Minggu, 03 Juli 2011

Tragic story. Happy ending?

Youre Gonna Miss Me Erickson

Youre Gonna Miss Me Erickson

Roky Erickson has one of those great voices that seem to come out of the ether and define what we now come to regard as essentially psychedelic. You can't escape its magnificence anymore than you will never tire from hearing it. That it comes from such a sweet guy and, as we learn from this documentary, traversed a path that could easily have ended in tragedy only enhances its brilliance. His is a story that seems to traject us to a time and a place that mixes an eccentric and talented family with the archaic marijuana laws of the period to put Roky in a setting that hopefully wouldn't happen today. That he has come out the other side to be once again performing and establishing his place as one of the pivotal figures in our Rock 'n' Roll history is wonderful and no doubt enhanced by films like this.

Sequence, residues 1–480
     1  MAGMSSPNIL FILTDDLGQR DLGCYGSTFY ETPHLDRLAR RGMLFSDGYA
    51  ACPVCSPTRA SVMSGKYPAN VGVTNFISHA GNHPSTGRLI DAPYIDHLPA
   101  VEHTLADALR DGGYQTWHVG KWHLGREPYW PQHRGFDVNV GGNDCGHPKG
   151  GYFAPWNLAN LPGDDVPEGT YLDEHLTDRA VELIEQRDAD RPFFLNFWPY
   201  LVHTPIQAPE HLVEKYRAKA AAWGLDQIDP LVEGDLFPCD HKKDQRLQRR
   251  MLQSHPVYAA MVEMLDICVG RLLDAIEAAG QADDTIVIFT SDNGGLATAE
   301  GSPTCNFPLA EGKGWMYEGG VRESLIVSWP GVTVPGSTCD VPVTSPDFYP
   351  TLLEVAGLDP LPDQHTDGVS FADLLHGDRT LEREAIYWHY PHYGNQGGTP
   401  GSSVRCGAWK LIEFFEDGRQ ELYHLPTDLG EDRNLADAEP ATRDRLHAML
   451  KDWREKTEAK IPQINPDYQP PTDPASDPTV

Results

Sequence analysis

Get your Youre Gonna Miss Me Erickson Now!

6 komentar: